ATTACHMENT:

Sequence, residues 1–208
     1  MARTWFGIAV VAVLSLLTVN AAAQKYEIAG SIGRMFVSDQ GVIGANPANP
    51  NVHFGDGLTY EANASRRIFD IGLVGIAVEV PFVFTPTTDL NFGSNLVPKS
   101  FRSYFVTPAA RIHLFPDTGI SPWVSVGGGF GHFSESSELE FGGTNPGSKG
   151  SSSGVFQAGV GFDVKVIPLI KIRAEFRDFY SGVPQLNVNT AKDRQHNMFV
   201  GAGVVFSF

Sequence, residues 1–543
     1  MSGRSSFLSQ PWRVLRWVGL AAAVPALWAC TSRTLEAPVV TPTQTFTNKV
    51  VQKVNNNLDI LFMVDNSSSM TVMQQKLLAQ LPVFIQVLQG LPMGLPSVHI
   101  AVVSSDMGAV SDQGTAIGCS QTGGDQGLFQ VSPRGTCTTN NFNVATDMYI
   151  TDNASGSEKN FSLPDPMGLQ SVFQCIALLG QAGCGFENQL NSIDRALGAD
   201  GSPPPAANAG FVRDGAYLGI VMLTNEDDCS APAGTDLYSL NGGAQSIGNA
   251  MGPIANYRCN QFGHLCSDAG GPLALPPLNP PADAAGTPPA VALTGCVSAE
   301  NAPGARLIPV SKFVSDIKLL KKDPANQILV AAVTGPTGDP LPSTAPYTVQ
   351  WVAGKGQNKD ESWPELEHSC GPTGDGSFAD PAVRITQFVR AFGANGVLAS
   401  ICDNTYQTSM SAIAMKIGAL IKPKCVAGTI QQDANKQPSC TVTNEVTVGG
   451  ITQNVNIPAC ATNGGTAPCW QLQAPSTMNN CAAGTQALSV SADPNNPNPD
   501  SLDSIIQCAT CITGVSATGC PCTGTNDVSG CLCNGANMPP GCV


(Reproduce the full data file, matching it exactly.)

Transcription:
Sequence, residues 1–208
     1  MARTWFGIAV VAVLSLLTVN AAAQKYEIAG SIGRMFVSDQ GVIGANPANP
    51  NVHFGDGLTY EANASRRIFD IGLVGIAVEV PFVFTPTTDL NFGSNLVPKS
   101  FRSYFVTPAA RIHLFPDTGI SPWVSVGGGF GHFSESSELE FGGTNPGSKG
   151  SSSGVFQAGV GFDVKVIPLI KIRAEFRDFY SGVPQLNVNT AKDRQHNMFV
   201  GAGVVFSF

Sequence, residues 1–543
     1  MSGRSSFLSQ PWRVLRWVGL AAAVPALWAC TSRTLEAPVV TPTQTFTNKV
    51  VQKVNNNLDI LFMVDNSSSM TVMQQKLLAQ LPVFIQVLQG LPMGLPSVHI
   101  AVVSSDMGAV SDQGTAIGCS QTGGDQGLFQ VSPRGTCTTN NFNVATDMYI
   151  TDNASGSEKN FSLPDPMGLQ SVFQCIALLG QAGCGFENQL NSIDRALGAD
   201  GSPPPAANAG FVRDGAYLGI VMLTNEDDCS APAGTDLYSL NGGAQSIGNA
   251  MGPIANYRCN QFGHLCSDAG GPLALPPLNP PADAAGTPPA VALTGCVSAE
   301  NAPGARLIPV SKFVSDIKLL KKDPANQILV AAVTGPTGDP LPSTAPYTVQ
   351  WVAGKGQNKD ESWPELEHSC GPTGDGSFAD PAVRITQFVR AFGANGVLAS
   401  ICDNTYQTSM SAIAMKIGAL IKPKCVAGTI QQDANKQPSC TVTNEVTVGG
   451  ITQNVNIPAC ATNGGTAPCW QLQAPSTMNN CAAGTQALSV SADPNNPNPD
   501  SLDSIIQCAT CITGVSATGC PCTGTNDVSG CLCNGANMPP GCV